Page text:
Dallas — When attending an event by a new performing arts organization, you never know what to expect. But whatever I was thinking would happen had to rapidly change when I attended the concert presented by Verdigris, a chamber choir made up of 16 excellent singers. The centerpiece of the program, The Consolation of Apollo, was written by composer Kile Smith and is based on texts from the Apollo 8 space mission. Music Director Sam Brukhman prefaced this work with some related selections.
It was a terrific concert and I fully intend to return to the next performance at 4:30 p.m. April 14, which will be held in a fitting venue, the Planetarium at the University of Texas at Arlington. There will also be excerpts of the performance on April 27 at the Perot Museum of Nature and Science in Dallas, in its Social Science event.
Part of why I intend to return is that, while I heard the concert, I was not actually in the Royal Lane Baptist Church’s sanctuary for the March 4 performance.
I mistakenly went to another location where the concert had been presented two days earlier. I was able to get to the right location in time to hear the first selection, but I was seated in a room off of the choir loft so as not to disturb the performance. I intended to run to the front of the church at the first break, but to my chagrin, there wasn’t a break until the very end. One selection merged into another. Thus, I missed all of the creative staging that Verdigris reportedly used to enhance the concert. Alas, this was one concert that needed to be experienced and not just heard.
A qualifier: What staging I mention here was reported to me by a number of trusted sources. Check back after the April 14 concert to get my first hand impression.
Brukhman’s programming aimed at enclosing the audience in a sound bubble that would give some impression of being in outer space. He did this by programming works that used similar harmonic structures and forms. He joined each selection to the previous one without a break.
The concert started with the singers in the back of the sanctuary and a single soloist singing the traditional hymn, “Bright Morning Stars.” It was sung without vibrato to give it a folk music feel.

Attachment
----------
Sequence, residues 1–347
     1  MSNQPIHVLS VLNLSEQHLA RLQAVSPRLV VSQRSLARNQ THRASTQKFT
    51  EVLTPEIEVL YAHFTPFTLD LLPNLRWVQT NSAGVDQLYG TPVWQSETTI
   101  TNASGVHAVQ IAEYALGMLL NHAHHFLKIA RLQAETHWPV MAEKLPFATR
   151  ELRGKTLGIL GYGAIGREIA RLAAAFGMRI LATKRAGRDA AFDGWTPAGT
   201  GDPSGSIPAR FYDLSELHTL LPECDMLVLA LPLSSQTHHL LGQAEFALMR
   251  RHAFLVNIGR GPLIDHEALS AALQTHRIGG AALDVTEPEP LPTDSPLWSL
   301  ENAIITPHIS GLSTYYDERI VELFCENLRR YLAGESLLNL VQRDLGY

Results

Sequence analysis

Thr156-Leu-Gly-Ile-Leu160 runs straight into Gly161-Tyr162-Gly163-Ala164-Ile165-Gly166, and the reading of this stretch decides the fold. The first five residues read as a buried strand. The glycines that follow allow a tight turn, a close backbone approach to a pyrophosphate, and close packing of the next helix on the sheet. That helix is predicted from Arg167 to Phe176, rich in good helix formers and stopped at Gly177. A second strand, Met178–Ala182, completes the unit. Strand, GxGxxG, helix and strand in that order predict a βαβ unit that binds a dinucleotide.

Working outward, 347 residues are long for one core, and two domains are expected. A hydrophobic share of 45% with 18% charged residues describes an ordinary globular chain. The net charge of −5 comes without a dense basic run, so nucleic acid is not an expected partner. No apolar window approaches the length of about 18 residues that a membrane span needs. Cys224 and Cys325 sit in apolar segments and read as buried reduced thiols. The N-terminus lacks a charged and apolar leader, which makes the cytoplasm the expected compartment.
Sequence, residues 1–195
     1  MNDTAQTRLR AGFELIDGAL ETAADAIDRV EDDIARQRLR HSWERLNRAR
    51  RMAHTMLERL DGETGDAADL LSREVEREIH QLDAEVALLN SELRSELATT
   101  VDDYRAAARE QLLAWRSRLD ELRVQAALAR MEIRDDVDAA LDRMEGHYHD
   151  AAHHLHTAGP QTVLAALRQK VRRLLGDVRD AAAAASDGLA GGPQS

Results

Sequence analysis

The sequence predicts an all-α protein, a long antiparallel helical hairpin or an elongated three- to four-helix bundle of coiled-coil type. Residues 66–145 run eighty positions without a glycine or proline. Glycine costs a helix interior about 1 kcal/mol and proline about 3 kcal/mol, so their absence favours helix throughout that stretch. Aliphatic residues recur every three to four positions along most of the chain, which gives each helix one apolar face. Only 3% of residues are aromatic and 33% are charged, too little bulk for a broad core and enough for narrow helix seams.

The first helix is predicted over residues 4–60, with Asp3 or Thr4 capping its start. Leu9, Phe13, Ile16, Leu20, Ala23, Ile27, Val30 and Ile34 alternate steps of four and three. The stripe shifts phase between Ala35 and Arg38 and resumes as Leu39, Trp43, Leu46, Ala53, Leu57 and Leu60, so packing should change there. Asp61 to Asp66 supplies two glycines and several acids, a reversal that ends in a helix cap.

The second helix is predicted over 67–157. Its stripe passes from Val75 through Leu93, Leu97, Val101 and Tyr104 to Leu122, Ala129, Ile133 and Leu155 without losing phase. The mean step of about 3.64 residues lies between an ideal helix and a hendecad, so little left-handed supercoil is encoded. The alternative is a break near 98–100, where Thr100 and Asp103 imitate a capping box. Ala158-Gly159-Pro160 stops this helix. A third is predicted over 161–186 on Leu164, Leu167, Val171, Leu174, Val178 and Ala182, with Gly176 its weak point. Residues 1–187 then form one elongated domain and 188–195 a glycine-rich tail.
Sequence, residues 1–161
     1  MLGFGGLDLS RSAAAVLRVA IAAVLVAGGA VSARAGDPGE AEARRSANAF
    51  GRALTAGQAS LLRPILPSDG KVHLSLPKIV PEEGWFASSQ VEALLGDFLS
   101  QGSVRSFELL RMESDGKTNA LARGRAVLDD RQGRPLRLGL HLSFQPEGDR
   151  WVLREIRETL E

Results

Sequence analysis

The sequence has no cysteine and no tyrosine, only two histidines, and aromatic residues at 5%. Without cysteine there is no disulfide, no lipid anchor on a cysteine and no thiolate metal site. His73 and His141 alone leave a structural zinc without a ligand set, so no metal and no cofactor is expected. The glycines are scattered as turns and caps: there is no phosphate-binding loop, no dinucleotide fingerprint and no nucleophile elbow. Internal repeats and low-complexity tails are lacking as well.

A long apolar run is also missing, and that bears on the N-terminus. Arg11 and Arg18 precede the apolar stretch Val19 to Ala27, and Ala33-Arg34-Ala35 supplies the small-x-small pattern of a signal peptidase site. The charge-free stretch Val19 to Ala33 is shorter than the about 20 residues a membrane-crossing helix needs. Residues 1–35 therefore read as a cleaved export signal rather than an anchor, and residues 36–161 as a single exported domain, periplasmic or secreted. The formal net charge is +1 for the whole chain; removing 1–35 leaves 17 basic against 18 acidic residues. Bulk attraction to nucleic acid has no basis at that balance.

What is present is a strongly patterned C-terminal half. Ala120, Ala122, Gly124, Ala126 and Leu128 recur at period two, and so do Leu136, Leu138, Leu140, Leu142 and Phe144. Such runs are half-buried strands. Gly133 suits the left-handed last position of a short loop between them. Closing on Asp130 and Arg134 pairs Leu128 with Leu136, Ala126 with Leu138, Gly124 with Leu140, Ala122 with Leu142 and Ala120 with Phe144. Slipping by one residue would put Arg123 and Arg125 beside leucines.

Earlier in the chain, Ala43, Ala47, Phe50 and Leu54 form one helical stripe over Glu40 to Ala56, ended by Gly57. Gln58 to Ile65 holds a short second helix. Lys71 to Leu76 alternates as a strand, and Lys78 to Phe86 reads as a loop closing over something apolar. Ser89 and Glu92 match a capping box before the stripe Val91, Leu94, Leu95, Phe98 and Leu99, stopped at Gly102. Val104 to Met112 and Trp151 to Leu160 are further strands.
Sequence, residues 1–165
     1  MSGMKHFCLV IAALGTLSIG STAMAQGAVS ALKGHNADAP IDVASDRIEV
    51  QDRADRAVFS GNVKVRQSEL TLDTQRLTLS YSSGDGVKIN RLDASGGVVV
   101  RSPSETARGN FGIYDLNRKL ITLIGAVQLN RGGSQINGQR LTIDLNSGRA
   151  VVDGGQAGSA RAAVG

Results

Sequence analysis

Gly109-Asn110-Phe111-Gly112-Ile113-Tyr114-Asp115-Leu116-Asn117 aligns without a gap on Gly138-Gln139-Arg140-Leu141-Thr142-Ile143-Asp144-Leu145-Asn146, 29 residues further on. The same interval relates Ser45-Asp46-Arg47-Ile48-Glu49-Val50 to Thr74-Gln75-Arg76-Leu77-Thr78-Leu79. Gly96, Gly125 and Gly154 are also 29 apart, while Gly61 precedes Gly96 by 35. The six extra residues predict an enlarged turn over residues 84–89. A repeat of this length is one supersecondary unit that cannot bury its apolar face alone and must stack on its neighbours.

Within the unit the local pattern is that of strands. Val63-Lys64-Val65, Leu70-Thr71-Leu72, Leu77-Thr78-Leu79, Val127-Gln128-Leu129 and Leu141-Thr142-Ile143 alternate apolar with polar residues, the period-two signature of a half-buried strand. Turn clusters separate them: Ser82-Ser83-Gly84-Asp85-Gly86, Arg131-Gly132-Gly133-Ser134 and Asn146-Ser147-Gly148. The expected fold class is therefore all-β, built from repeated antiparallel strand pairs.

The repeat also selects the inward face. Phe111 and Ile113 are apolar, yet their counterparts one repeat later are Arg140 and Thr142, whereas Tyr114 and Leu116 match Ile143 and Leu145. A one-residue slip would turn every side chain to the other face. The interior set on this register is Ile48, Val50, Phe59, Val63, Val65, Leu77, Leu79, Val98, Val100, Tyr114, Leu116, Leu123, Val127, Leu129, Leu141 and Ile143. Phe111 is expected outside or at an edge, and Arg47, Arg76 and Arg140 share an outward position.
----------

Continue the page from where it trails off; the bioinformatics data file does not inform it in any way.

That was followed by two works by Meredith Monk. The first was her “Earth Seen From Above.” In this piece, the choir processed but did so in a random manner holding lights to create the feeling that the audience was in the stars.
They moved to the front of the sanctuary to sing Monk’s “Panda Chant,” which comes from her science fiction opera, The Games. It is primal in nature and requires rhythmic stomping. This was followed by three selections from Urmas Sisask’s Gloria Patri, a cycle of 24 movements.
The main selection, The Consolation of Apollo, continued without a pause but was introduced by a huge bang on the bass drum — representing the blast off of the Apollo 8 mission. This work used some actual conversations between the astronauts as text, recorded on Christmas Eve in 1968, including a reading from Genesis in the King James version of the Bible. There are other mystical texts chosen to surround the conversation. The bass drum made some other, less dramatic, appearances, as did a set of crotales (sometimes referred to as antique cymbals). They added a high pitch ring, much like a tuned triangle.
The program ended with another version of “Bright Morning Stars, which brought us back full circle. This time, the entire choir joined in in an improvised version.
All of this music was similar, which is why the nonstop presentation worked so beautifully. It was basically tonal, but an altered tonality rather than the standard use of major and minor. Parts of the selections used bitonality techniques (being in two keys at the same time), modal harmonies (used in the Middle Ages) and the Renaissance technique of creating harmonies by the chance lining up of independent lines. None of this was off-putting to anyone who only has an ear for traditional harmonies, but the piquant musical language was certainly another, equally valid, take on tonality.
Since the choir performed a cappella, the harmonic language presented the singers with an almost transcendental difficulty of finding pitches. Although I didn’t have scores to follow, they had little trouble locating pitch. Their intonation was near perfect and they didn’t go flat as the evening went on, as so often happens when singing without accompaniment.
The sound was rich and vacant at the same time, much like the blazing glory of the stars in space surrounded by a complete vacuum.
Musically, this concert was superb. My seat had the best sound in the church. But I missed the entire effect. This is why I will review this concert again when it is presented on April 14 at the UTA Planetarium.